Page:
The U.S. Supreme Court was established by Article 3 of the U.S. Constitution. The Constitution granted the Supreme Court ultimate jurisdiction over all laws, especially those in which their constitutionality was at issue. The high court was also designated to oversee cases concerning treaties of the United States, foreign diplomats, admiralty practice, and maritime jurisdiction. On February 1, 1790, the first session of the U.S. Supreme Court was held in New York City’s Royal Exchange Building.
The U.S. Supreme Court grew into the most important judicial body in the world in terms of its central place in the American political order. According to the Constitution, the size of the court is set by Congress, and the number of justices varied during the 19th century before stabilizing in 1869 at nine. In times of constitutional crisis, the nation’s highest court has always played a definitive role in resolving, for better or worse, the great issues of the time.
Merriam-Webster's Word of the Day for September 23, 2016 is:
mettle \MET-ul\ noun
1 a : vigor and strength of spirit or temperament
b : staying quality : stamina
2 : quality of temperament or disposition
"People aren't trying to hide their prosthetics like they once did. There is a sense of community, being proud of who you are and showing off your mettle." — Rebekah Spielman, quoted in The San Diego Union Tribune, 21 Aug. 2016
"In the dozen years since Fantasia Barrino claimed victory on 'American Idol,' the singer has more than proved her mettle. She has sold millions of records, released a New York Times best-selling memoir, won a Grammy, anchored a hit reality series and become a Broadway star." — Gerrick D. Kennedy, The Los Angeles Times, 17 Aug. 2016
Did you know?
Originally, mettle was simply a variant spelling of the word metal (which dates to at least the 13th century), and it was used in all of the same senses as its metallic relative. Over time, however, mettle came to be used mainly in figurative senses referring to the quality of someone's character. It eventually became a distinct English word in its own right, losing its literal sense altogether. Metal remained a term primarily used for those hard, shiny substances such as steel or iron, but it also acquired a figurative use. Today, both words can mean "vigor and strength of spirit or temperament," but only metal is used of metallic substances.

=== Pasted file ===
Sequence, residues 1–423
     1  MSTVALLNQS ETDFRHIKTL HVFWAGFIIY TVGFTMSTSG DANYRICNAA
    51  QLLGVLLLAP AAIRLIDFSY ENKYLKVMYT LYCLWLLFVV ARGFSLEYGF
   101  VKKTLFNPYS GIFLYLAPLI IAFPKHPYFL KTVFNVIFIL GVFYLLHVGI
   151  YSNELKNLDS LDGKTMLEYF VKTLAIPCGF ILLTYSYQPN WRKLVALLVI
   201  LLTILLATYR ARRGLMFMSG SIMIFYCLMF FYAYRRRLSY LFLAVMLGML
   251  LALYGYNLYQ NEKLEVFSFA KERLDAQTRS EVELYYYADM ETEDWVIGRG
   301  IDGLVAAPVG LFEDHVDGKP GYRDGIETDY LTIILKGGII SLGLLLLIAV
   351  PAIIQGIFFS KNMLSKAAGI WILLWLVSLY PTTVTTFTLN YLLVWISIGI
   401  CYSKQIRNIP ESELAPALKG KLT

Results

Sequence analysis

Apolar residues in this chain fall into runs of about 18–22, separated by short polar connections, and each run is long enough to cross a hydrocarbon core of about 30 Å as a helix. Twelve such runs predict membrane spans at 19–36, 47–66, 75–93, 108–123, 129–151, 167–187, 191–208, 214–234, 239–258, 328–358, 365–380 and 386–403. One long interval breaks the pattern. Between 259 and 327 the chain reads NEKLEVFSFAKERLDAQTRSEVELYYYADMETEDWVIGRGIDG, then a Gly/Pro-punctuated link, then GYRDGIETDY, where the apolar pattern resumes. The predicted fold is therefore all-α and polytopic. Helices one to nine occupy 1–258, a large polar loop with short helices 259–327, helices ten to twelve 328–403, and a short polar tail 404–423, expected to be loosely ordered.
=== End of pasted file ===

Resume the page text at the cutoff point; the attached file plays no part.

On this day in 1875, Billy the Kid is arrested for the first time after stealing a basket of laundry. He later broke out of jail and roamed the American West, eventually earning a reputation as an outlaw and murderer and a rap sheet that allegedly included 21 murders.
The exact details of Billy the Kid’s birth are unknown, other than his name, William Henry McCarty. He was probably born sometime between 1859 and 1861, in Indiana or New York. As a child, he had no relationship with his father and moved around with his family, living in Indiana, Kansas, Colorado and Silver City, New Mexico. His mother died in 1874 and Billy the Kid—who went by a variety of names throughout his life, including Kid Antrim and William Bonney—turned to crime soon afterward.
McCarty did a stint as a horse thief in Arizona before returning to New Mexico, where he hooked up with a gang of gunslingers and cattle rustlers involved in the notorious Lincoln County War between rival rancher and merchant factions in Lincoln County in 1878. Afterward, Billy the Kid, who had a slender build, prominent crooked front teeth and a love of singing, went on the lam and continued his outlaw’s life, stealing cattle and horses, gambling and killing people. His crimes earned him a bounty on his head and he was eventually captured and indicted for killing a sheriff during the Lincoln County War. Billy the Kid was sentenced to hang for his crime; however, a short time later, he managed another jail break, murdering two deputies in the process. Billy the Kid’s freedom was brief, as Sheriff Pat Garrett caught up with the desperado at Fort Sumner, New Mexico, on July 14, 1881, and fatally shot him.
Although his life was short, Billy the Kid’s legend grew following his death. Today he is a famous symbol of the Old West, along with such men as Kit Carson, Jesse James, Wild Bill Hickok, Doc Holliday and Wyatt Earp, and his story has been mythologized and romanticized in numerous films, books, TV shows and songs. Each year, tourists visit the town of Fort Sumner, located about 160 miles southeast of Albuquerque, to see the Billy the Kid Museum and gravesite.